The arrival of the iPhone in New Zealand later this year will put the heat on mobile operators to deliver improved data plans and coverage as users embrace mobile internet applications.
Rosalie Nelson, telecommunications research manager at analyst firm IDC New Zealand, says Vodafone’s iPhone deal, announced last week, will challenge today’s pricing for mobile broadband data.
Vodafone will not want to cannibalise its existing data policies, she says. IPhone users will want to use a lot of data, but New Zealand carriers have yet to deliver flat-rate plans to allow this.
When the iPhone was released in the US, users complained of being hit with large and unexpected data charges, she says.
“There is a huge risk of bill-shock,” she says.
Nelson also questions the quality and reach of mobile broadband in New Zealand. Vodafone’s HSDPA high-speed service will work in urban areas, but does not yet cover the entire country.
Vodafone is reportedly planning to roll out further spectrum, which is expected to enable better coverage and be more cost-effective.
“Perhaps Vodafone will hold off [launching the iPhone] until it has done more with the 900MHz spectrum,” she says.
Meanwhile, CIOs will now face the challenge of how to deal with users wanting to run business applications on the iPhone.
Australasian telecomms analyst Paul Budde says Apple’s global deal with Vodafone clearly indicates it is non-exclusive. He says an iPhone announcement by Telecom should not surprise.
Telecom declined to comment on a potential future deal with Apple.
“We are not in a position to elaborate on Telecom’s status with respect to the iPhone at this stage. Our new network, launching in November, will open up a range of exciting handset possibilities, but we’re not revealing our hand just yet,” says Telecom PR manager Rebecca Earl.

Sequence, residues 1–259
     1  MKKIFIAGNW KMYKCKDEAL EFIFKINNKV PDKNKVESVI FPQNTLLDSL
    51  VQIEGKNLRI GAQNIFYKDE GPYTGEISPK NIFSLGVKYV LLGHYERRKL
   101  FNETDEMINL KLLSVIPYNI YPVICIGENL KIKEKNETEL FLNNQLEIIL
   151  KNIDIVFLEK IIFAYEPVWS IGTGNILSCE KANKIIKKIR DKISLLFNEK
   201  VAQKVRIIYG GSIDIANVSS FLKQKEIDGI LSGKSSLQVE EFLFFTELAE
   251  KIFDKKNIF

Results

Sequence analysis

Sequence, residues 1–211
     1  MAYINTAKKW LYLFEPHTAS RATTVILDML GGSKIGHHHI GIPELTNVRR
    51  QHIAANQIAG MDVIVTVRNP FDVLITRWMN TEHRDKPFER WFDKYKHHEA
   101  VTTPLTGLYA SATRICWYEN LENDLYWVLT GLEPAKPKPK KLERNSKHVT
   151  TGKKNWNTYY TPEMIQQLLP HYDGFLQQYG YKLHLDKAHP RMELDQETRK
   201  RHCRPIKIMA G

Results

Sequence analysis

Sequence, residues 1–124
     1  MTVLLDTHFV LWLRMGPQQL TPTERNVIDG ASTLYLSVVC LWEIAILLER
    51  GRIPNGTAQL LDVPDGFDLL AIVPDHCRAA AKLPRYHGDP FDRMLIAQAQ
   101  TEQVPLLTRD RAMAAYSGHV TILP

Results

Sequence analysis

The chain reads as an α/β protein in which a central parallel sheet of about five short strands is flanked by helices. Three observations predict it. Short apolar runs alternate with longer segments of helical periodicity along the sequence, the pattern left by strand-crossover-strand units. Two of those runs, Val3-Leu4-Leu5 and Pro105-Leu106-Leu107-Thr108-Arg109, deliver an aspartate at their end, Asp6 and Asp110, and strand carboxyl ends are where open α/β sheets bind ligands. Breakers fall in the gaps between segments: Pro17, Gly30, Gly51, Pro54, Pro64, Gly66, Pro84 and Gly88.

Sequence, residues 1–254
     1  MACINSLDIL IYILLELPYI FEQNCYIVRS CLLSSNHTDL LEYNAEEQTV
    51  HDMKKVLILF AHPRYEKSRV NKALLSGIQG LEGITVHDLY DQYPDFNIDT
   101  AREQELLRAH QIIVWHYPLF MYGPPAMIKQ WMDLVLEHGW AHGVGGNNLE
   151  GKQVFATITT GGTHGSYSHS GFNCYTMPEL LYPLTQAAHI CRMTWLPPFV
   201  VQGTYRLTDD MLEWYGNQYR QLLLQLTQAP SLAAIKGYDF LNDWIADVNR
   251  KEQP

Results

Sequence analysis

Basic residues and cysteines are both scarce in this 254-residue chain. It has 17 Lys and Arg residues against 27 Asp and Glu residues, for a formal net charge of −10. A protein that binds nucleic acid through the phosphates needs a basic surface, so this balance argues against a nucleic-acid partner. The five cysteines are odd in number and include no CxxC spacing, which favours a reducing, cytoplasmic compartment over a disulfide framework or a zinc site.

A number of players in the local telecommunications market have aspired to get the iPhone deal, but to the majority of them the licensing terms have been too steep and the revenue sharing expectations too high, says Nelson.
In addition, Vodafone could offer a multi-market deal, which the local players could not, she says.
The Apple-Vodafone partnership creates a strong brand alliance, she says.
There have been suggestions that Telecom was also keen to get the first crack at a deal, but Nelson thinks the company’s licensing agreement with Miami-based Brightstar — Telecom’s distributor of handsets — could have been an inhibitor.
Budde says that the deal indicates where the industry will have to move over the next couple of years — partnerships are becoming increasingly important, especially between global companies.
Over the last year, Vodafone has started to reposition itself towards new developments in wireless broadband and mobile data, he says. The company is, for example, operating WiMax systems and cutting down on roaming charges in Europe.
“Vodafone is positioning itself for the new market, and the iPhone fits in very nicely,” Budde says.